Tip: Improve quality of your 3D Distorted images with simple change

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Branigan
Posts: 228
Joined: Tue May 19, 2020 3:43 pm

Sat Nov 14, 2020 1:46 pm


tl;dr: just change the number in the image to something higher
:wink:

If you've noticed that your 3D distorted images look blurrier than the background they're sitting on, this may help.

I've been using 3D distorted images as hotspots - rings and circles on floors etc. that stay attached to the ground (à la Matterport) - because they have their place sometimes when you want them to be less distracting and the location you'll be moving to to look unambiguous.

A dot just floating in the air can mean a lot of things, especially when above the ground and outside. Is it high above a nearby point, or pointing to somewhere on the distant horizon? :?

Problem is: they look low-resolution... because they are displayed as low-resolution, even though the original image is not. They are drawn using fewer pixels than when they are not 3D distorted, and spread over a larger area. Drawing them larger makes them...too large.

I tried using larger source images that are scaled down more (hoping it would use more of the pixels) and smaller imaged that are scaled up, but they all look about the same - or even worse.

Solution is simple: :shock: Change the 3D Distance from the default of 500 to something higher, like 700 (which worked for me) and they are drawn smaller, as if further away. But you can then increase the drawn size and they will be drawn with more of their actual pixels and at the size you want. You can play around with the number to get the distance that works for you and makes them look the same resolution as the background they're against.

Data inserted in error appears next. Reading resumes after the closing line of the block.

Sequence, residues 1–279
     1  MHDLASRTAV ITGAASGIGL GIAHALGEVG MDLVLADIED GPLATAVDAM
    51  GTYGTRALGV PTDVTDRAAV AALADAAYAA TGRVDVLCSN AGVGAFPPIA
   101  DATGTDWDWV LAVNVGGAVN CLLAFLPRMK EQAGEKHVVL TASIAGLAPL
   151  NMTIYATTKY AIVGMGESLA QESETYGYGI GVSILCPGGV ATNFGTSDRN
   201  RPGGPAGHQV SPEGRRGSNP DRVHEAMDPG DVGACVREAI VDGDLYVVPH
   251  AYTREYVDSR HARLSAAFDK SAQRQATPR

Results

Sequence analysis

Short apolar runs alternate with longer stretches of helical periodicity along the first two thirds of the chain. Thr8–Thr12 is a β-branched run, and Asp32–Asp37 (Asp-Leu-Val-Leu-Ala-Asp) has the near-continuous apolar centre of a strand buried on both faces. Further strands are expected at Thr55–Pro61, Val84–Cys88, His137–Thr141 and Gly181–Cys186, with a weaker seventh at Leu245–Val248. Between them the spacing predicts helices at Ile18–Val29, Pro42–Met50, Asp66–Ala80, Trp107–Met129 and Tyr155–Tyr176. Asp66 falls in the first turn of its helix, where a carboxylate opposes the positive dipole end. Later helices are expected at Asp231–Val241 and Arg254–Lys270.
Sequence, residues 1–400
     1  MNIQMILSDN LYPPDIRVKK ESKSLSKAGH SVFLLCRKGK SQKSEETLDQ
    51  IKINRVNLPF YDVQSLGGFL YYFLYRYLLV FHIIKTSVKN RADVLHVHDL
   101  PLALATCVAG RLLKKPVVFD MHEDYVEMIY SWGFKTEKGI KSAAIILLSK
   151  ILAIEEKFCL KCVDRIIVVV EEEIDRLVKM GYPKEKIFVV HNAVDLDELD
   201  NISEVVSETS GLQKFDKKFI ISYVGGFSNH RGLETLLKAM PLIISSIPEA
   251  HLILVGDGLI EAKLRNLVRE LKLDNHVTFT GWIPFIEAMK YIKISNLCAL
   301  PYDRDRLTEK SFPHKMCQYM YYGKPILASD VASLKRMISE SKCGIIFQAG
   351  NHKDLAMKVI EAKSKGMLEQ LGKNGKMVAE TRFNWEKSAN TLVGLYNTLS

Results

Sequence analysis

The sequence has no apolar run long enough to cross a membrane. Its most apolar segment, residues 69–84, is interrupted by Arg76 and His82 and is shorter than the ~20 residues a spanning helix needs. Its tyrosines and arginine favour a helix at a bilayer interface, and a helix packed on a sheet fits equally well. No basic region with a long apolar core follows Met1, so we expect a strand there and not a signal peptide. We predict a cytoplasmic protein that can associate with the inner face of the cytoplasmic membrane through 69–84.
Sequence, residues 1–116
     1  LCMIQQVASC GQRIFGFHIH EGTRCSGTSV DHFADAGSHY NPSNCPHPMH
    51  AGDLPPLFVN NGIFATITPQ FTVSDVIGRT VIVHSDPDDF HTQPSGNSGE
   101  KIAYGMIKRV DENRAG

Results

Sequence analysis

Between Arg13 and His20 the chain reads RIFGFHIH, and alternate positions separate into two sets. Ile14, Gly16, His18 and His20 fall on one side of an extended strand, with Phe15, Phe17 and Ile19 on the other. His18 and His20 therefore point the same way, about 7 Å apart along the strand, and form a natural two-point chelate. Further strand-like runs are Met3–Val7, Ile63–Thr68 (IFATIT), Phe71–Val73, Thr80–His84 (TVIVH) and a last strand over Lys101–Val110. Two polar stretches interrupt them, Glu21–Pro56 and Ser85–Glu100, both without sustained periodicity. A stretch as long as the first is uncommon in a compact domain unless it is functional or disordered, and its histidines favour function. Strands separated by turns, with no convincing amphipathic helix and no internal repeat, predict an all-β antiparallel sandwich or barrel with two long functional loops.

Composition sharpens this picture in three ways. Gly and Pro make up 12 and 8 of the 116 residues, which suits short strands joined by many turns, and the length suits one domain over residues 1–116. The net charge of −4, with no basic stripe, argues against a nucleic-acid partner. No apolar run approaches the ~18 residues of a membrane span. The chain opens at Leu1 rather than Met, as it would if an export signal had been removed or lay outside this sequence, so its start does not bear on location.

Now, I could be using this number wrongly, because it goes a bit wonky when I put things on walls, but it works fine on floors. :)
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3D-distance.jpg
3D-distance.jpg (17.54 KiB) Viewed 165 times
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Might be an obvious fix for some, but just another of those unhelpful default values that you have to remember to change. :(

Another tip: As I'm using hotspots at different distances, it makes sense for those that are further away to look smaller than those that are closer to maintain the illusion of perspective. Duplicate your Hotspot and just change the 3D Distance to something like 900 and it will get smaller - and so look further away and place it as a 'Hotspot2' on those locations. I did make a third one even further away, but found that two were enough to distinguish between them enough and look acceptable to my tiny brain. Any too far away probably didn't deserve a hotspot until you get closer anyway.

So, mid/near hotspots use 700 and those obviously further away use 900. I do also have a third type with a little 'balloon' bobbing up and down above some where I want them to stand out, and then the 'floor ring' is replaced by a small 'shadow' so they look tethered in 3D space.

Note that if you're animating your hotspots with a timer, wrapping everything below the hotspot itself in a container seems to prevent strange 'jumping' behaviour.
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soulbrother
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Sat Nov 14, 2020 10:41 pm

As far as I have learned a time ago in the forum from Hopki, this should be: